The new Consumer Financial Protection Bureau (CFPB) is beginning to aggressively set its agenda. After long-delayed implementation and attempts to block the seating of a Director of the new agency, this watchdog’s newest focus will be on debt collection and credit reporting companies. Because these industries’ have a reputation for being abusive and unscrupulous, the CFPB recently announced that it will begin examination into debt collectors who profit more than $10 million a year and credit agencies that profit more than $7 million a year. Thus, the CFPB will set its sights on 175 debt collectors, who make up two-thirds of the debt collection market, and thirty companies in the consumer credit reporting spectrum.
According to the New York Times: “Debt collectors and credit reporting companies are bracing for intense scrutiny after the government’s consumer finance watchdog unveiled a broad plan to regulate financial firms that have largely evaded federal oversight.”
For the debt collection and credit reporting industries, the CFPB’s oversight will initiate a new era for both groups. According to Travis Plunkett, the legislative director for the Consumer Federation of America, these industries have been able to skirt federal regulations because the regulators lacked enforcement power, and the regulators only “reacted” to abusive industry practices. Now, the CFPB has the authority to be proactive. Says Plunkett: “You’re looking at problems on the front end rather than going in after the fact. You can actually prevent problems.”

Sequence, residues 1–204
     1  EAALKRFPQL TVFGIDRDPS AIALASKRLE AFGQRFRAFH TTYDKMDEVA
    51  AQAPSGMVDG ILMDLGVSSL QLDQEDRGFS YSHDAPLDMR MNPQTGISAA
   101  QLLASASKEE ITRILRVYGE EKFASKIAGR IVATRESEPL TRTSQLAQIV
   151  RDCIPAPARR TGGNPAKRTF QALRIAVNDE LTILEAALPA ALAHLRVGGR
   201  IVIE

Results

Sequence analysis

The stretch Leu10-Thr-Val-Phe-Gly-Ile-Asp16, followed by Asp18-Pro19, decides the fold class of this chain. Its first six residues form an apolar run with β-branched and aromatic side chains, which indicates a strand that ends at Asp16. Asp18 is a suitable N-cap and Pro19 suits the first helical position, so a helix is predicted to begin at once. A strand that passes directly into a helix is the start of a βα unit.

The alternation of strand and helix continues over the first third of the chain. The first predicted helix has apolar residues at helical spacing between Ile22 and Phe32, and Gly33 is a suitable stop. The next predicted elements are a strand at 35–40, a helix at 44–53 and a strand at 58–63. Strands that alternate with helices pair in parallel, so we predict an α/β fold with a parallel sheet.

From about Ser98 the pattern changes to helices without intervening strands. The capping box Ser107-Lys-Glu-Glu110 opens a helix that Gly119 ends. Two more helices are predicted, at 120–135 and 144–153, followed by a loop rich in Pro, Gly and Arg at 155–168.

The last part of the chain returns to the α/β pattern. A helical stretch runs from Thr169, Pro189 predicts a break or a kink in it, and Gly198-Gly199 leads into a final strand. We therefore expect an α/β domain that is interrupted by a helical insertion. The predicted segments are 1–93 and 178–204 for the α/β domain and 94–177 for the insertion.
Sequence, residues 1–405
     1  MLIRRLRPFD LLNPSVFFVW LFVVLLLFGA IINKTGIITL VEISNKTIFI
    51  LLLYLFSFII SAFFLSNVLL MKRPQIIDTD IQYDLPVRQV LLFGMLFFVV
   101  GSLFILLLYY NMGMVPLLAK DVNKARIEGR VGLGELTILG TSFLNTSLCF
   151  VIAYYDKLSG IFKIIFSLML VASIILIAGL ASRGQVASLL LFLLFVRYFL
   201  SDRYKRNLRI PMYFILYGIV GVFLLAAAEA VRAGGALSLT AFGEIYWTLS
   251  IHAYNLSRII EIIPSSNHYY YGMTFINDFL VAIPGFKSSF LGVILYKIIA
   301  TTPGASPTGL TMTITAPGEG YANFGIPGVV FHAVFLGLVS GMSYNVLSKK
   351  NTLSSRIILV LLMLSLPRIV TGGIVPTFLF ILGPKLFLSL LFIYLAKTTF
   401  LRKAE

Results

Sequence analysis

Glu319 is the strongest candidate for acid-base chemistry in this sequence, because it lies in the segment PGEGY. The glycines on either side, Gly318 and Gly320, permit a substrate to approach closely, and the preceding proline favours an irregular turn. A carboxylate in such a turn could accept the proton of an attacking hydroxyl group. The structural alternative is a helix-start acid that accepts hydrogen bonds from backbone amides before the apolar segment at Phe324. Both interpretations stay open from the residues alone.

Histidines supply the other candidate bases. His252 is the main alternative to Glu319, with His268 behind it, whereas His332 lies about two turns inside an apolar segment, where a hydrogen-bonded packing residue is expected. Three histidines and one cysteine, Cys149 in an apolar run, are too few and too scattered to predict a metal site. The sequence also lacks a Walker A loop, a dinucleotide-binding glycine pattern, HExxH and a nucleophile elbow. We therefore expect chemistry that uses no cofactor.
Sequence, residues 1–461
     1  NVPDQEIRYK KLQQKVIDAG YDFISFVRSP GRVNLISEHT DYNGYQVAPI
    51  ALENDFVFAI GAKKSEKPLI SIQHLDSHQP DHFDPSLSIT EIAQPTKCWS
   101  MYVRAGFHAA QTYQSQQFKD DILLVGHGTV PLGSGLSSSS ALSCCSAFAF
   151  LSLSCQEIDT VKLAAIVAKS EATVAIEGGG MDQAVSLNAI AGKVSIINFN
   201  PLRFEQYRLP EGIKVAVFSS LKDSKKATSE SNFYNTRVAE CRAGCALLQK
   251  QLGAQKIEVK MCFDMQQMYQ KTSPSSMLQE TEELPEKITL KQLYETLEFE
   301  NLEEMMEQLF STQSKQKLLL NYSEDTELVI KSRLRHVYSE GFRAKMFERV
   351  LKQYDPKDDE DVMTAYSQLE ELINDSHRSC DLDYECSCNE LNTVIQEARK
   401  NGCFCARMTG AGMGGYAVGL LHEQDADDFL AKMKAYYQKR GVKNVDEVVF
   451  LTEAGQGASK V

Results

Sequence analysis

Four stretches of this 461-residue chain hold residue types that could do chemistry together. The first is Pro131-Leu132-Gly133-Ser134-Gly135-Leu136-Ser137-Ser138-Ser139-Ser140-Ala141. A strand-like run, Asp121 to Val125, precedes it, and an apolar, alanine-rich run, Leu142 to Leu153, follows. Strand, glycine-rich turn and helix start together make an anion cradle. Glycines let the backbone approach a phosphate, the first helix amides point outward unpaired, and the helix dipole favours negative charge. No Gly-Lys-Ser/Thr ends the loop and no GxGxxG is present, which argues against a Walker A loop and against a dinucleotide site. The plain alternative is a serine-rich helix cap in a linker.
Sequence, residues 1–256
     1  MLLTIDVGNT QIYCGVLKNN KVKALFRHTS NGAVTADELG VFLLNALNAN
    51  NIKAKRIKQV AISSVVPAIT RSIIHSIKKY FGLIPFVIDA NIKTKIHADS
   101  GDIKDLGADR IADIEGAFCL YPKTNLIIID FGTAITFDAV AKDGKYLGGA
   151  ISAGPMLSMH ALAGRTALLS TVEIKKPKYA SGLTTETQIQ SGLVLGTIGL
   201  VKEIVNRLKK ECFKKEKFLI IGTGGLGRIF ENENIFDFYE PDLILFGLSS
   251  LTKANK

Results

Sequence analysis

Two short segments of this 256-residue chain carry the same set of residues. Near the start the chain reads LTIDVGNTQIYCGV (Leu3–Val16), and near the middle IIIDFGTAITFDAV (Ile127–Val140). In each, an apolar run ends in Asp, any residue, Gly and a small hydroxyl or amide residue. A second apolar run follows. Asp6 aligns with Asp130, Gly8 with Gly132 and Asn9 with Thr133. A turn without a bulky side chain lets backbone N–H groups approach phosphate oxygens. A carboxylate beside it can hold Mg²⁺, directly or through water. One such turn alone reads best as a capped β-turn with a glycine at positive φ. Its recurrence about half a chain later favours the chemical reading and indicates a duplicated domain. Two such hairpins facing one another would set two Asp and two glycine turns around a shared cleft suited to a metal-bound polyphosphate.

As the CFPB continues to set its agenda, it appears that check cashing services will be the next industry that it seeks to regulate. As many believe that the 2008 mortgage meltdown exposed numerous financial companies that abused consumers “[t]his oversight [will] help restore confidence that the federal government is standing beside the American consumer,” said Mr. Richard Cordray, the new director of the CFPB. “Debt collectors and credit reporting agencies have gone unsupervised by the federal government for too long,” says Cordray. “It is time to provide the kind of oversight of these markets that will help ensure that federal laws protecting consumers in these financial markets are being followed.”